Senator BOB BROWN: Yes, they are braying like a lot of donkeys in retreat, and they have been made to look donkeys by their major supplicant, Mr Clive Palmer. But there is no repudiation from this lot. They stand by what Clive Palmer had to say, even as he withdraws at least part of it—and, of course, so he should. I have no doubt he has had overnight legal advice on some of the things he said. But let me say this in response to them and to Mr Clive Palmer, who is part of them. There will be no Greens candidates withdrawing from this election campaign. Why? Because Clive Palmer is right about one thing: the Greens are the real value option rising for the Queensland voters this Saturday.

Senator Brandis: Mr Deputy President, I rise on a point of order. I know a lot of latitude is allowed for a motion to suspend standing orders, but, when—as is plainly the case now—it is evident that Senator Brown is abusing the process as well as wasting the time of the Senate by making silly debating points, you really ought to call him to order on the question of relevance.

The DEPUTY PRESIDENT: I thank you, Senator Brandis. There has been a lot of latitude allowed in suspension of standing order debates, and that will continue. Senator Brown, you have the call.

Senator BOB BROWN: You are absolutely right yet again, Deputy President. At three days out from an election, this multibillionaire—no doubt after consulta¬≠tions with the Liberal National Party—is injecting himself into an election campaign to try and stymie the Greens. Why is that? He at least recognises that the Greens are the best value for the voters of Queensland this Saturday. Yesterday I said: 'Well, Mr Palmer, speaking for the Liberal National Party and for Campbell Newman—

Opposition senators interjecting

The DEPUTY PRESIDENT: Order on my left!

Senator BOB BROWN: The fact is that Mr Palmer has not taken on the star Greens candidate, Mr Adam Stone, who is standing in Mount Coot-tha. Why not? Because the Liberal National Party cannot match the policy suite of the Greens, let alone the influence that they are having put on them by Mr Clive Palmer, Gina Rinehart and this whole suite of foreign backers of the massive coal industry which is sucking jobs out of the Queensland economy. Mr Palmer's own consultants show that just one of his coalmines in the Galilee Basin—and I was up there with Senator Larissa Waters after talking with Mr Adam Stone, the candidate for Mount Coot-tha, just a fortnight ago—that single coalmine promoted by this Liberal National Party—because why wouldn't they: they're in bed with Mr Clive Palmer—will suck 2,000 jobs out of the Queensland—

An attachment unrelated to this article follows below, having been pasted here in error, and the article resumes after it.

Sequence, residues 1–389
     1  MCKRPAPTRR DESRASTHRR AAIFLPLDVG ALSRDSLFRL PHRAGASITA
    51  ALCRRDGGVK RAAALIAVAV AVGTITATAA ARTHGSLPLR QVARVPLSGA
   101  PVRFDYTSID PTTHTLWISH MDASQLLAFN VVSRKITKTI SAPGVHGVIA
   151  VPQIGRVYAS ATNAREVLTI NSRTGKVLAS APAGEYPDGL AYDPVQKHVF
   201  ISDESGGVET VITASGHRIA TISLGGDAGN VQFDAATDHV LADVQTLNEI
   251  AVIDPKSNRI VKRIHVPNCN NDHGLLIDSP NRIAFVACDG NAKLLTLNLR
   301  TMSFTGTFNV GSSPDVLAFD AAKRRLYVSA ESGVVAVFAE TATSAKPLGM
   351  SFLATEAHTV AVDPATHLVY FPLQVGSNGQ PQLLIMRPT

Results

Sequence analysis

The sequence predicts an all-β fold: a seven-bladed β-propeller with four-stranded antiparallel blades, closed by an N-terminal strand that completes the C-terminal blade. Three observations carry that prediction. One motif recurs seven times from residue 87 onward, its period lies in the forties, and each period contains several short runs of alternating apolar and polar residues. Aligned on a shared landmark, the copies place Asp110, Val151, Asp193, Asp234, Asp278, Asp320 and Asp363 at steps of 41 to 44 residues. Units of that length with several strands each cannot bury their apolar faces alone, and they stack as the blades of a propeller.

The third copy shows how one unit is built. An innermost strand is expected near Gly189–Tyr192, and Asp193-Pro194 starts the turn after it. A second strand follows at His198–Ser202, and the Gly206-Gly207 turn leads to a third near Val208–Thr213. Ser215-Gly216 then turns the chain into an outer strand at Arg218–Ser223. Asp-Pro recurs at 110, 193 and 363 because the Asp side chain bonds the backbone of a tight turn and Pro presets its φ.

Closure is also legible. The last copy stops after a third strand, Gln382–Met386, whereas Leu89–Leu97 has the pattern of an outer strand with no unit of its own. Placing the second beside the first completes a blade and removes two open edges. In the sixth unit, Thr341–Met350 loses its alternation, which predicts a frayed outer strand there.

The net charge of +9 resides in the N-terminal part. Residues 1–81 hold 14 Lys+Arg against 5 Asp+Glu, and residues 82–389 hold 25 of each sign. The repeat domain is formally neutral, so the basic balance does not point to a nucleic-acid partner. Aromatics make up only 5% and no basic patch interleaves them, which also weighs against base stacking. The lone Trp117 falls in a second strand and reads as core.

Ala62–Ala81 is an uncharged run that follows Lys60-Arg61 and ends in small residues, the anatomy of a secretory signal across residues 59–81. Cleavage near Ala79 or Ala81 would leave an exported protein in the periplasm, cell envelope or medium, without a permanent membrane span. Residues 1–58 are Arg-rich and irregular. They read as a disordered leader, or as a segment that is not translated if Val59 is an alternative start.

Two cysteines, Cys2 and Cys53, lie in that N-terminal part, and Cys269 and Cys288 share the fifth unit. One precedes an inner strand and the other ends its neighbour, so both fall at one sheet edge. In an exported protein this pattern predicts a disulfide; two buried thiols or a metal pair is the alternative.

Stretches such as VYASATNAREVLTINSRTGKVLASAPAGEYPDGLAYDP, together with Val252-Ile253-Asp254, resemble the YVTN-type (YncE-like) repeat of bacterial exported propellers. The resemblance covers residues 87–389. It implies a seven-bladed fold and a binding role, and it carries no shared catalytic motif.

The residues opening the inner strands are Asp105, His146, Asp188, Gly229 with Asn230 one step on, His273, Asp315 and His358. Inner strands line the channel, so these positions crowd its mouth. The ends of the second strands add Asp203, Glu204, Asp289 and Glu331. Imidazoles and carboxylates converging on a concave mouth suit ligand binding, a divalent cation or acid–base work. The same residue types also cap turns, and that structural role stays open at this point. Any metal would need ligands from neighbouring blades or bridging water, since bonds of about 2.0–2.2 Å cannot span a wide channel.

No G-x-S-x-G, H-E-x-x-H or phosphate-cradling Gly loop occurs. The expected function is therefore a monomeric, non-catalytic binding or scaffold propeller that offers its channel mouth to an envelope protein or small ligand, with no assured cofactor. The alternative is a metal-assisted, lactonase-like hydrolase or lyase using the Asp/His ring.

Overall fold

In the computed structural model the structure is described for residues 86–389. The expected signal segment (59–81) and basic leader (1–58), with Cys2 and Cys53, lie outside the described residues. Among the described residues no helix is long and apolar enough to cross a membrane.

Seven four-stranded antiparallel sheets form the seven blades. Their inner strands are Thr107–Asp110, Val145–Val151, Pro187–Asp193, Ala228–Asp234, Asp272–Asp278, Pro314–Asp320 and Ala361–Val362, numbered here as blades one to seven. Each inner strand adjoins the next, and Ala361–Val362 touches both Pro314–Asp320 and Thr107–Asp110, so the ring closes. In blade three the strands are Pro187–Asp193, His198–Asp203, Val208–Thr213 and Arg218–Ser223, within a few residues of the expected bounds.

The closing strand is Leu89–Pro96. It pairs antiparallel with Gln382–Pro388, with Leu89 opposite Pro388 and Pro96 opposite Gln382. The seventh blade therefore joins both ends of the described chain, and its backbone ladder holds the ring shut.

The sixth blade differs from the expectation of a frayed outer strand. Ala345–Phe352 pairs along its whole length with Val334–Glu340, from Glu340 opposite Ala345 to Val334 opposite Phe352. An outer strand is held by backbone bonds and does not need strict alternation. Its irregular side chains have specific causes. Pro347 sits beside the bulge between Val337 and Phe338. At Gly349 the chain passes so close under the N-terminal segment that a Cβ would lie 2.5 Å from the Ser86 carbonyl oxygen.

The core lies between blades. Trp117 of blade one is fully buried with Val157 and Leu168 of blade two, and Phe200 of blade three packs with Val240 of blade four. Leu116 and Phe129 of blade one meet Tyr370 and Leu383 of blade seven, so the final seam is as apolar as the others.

Senator Joyce: Mr Deputy President, on a point of order: I really have to pull him up on that. It is interesting to hear him talk about Mr Palmer, but I am certainly not in bed with Clive Palmer.

The DEPUTY PRESIDENT: Senator Joyce, that is not a point of order. Senators, I want to indicate that, whilst points of order will be tolerated, continuous frivolous points of order will not be. A point of order is a serious matter to raise in the chamber, so I would ask senators to consider the nature of the point of order before they raise it.

Senator BOB BROWN: Thank you for pointing out how frivolous Senator Barnaby Joyce, National Party, Queensland, is in this place—not just on this occasion but right down the line. The Greens will be offering the voters of Queensland this best alternative, and Clive Palmer knows it. His accusations are of course totally— (Time expired)

Opposition senators interjecting

Senator Bob Brown: There is no point of order.

The DEPUTY PRESIDENT: Senator Brown, I will determine what is a point of order and what is not a point of order. Senator Macdonald, did you want to raise a point of order?

Senator Ian Macdonald: No. I was going to speak, but I concede to my leader.